A new history explores the commercial heart of evangelical Christianity.
American evangelicalism is big business. For decades, the world’s largest media conglomerates have sought out evangelical consumers, and evangelical books have regularly become international best sellers. In the early 2000s, Rick Warren’s The Purpose Driven Life spent ninety weeks on the New York Times Best Sellers list and sold more than thirty million copies. But why have evangelicals achieved such remarkable commercial success?
According to Daniel Vaca, evangelicalism depends upon commercialism. Tracing the once-humble evangelical book industry’s emergence as a lucrative center of the US book trade, Vaca argues that evangelical Christianity became religiously and politically prominent through business activity. Through areas of commerce such as branding, retailing, marketing, and finance, for-profit media companies have capitalized on the expansive potential of evangelicalism for more than a century.
Rather than treat evangelicalism as a type of conservative Protestantism that market forces have commodified and corrupted, Vaca argues that evangelicalism is an expressly commercial religion. Although religious traditions seem to incorporate people who embrace distinct theological ideas and beliefs, Vaca shows, members of contemporary consumer society often participate in religious cultures by engaging commercial products and corporations. By examining the history of companies and corporate conglomerates that have produced and distributed best-selling religious books, bibles, and more, Vaca not only illustrates how evangelical ideas, identities, and alliances have developed through commercial activity but also reveals how the production of evangelical identity became a component of modern capitalism.
With expert strokes, [Vaca] traces the history of the marriage of missionary zeal and financial reward that drove the evangelical publishing megabusiness…A brilliant achievement.
Impressive detail…Vaca shows how religious publishing, bookstores, and revival movements evolved into an integrated industry.
This is the book I’ve been waiting for. Vaca has penned a must-read account of how evangelicals built and sanctified their commercial world and, in doing so, made the modern religious marketplace. This book demands that we reckon with an American God worshipped in word and deed, and dollars and cents.
Makes a sophisticated case that book publishers, in particular, created the commercial infrastructure that made the modern religious movement possible…A well-crafted, thoroughly researched, and compelling account of a dynamic that every observer of American evangelicalism will recognize.
For too long American evangelicalism has been regarded as a subculture defined principally by common beliefs. Evangelicals Incorporated challenges that view, demonstrating the central role that Christian publishing houses have played for more than a century in creating an evangelical niche market. The stories behind the scenes that Daniel Vaca has uncovered are absolutely fascinating.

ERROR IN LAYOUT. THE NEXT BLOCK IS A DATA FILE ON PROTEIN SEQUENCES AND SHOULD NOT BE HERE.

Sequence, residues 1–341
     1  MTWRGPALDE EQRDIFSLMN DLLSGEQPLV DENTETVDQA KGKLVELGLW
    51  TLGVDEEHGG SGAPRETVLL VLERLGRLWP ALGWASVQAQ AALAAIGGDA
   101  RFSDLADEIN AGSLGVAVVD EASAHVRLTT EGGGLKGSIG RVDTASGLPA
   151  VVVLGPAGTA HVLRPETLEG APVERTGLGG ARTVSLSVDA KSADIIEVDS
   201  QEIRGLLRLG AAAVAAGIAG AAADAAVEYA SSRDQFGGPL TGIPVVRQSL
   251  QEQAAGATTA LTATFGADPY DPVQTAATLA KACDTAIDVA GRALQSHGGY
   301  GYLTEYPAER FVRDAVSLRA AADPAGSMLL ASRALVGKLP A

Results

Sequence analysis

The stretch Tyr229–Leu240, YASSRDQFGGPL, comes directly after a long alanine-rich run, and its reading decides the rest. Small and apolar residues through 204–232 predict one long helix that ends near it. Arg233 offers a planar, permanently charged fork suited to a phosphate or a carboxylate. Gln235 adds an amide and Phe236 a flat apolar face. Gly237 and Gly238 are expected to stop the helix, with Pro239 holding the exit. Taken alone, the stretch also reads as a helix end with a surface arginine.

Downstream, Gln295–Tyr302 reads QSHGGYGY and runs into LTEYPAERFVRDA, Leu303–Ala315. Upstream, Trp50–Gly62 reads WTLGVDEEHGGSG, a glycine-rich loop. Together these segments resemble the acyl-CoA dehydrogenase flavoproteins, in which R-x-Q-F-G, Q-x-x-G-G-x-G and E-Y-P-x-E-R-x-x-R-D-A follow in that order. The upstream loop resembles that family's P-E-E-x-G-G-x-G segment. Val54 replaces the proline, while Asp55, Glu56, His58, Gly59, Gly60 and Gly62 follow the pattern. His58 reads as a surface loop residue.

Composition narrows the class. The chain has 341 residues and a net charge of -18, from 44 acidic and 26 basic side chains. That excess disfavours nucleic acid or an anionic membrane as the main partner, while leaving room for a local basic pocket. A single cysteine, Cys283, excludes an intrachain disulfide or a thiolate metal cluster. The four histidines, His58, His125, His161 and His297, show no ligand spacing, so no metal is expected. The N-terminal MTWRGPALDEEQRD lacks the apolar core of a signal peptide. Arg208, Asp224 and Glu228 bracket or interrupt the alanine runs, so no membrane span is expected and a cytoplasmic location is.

Deftly combining historical depth and sweep with theoretical sophistication, and rooted in extensive archival work—including archives that have never before, to my knowledge, been mined for work in US religious history—Evangelicals Incorporated advances our historical understanding of a critical arena of American religious life, the evangelical book business in the age of mass culture, with greater depth and scope than any other work.
With Evangelicals Incorporated, Vaca has written the book that should make students of American economy finally account for the evangelical strategies that define commercial success. It will define the study of evangelicalism for the next generation of scholars. This is history as critique, and we need it now.
Provides essential background on the history of American evangelicalism…Defining evangelicalism as a commercial religion, Vaca offers a fascinating history of evangelical publishing from the 19th century to the present…A great read that helps make sense of much of the last century of American evangelicalism.
Shows how some evangelical publishers that lived by bestsellers died by bestsellers.
Brilliant…A provocative and compelling reinterpretation of evangelicalism in the modern United States with which scholars and general readers alike will be wrestling for a long time to come.
An insightful dive into what were arguably the big three evangelical publishers of the twentieth century…Driven by impressive archival research, Vaca makes his upshot seem downright self-evidentiary: Evangelicalism is a marketing strategy.
- 336 pages
- 6-1/8 x 9-1/4 inches
- Harvard University Press
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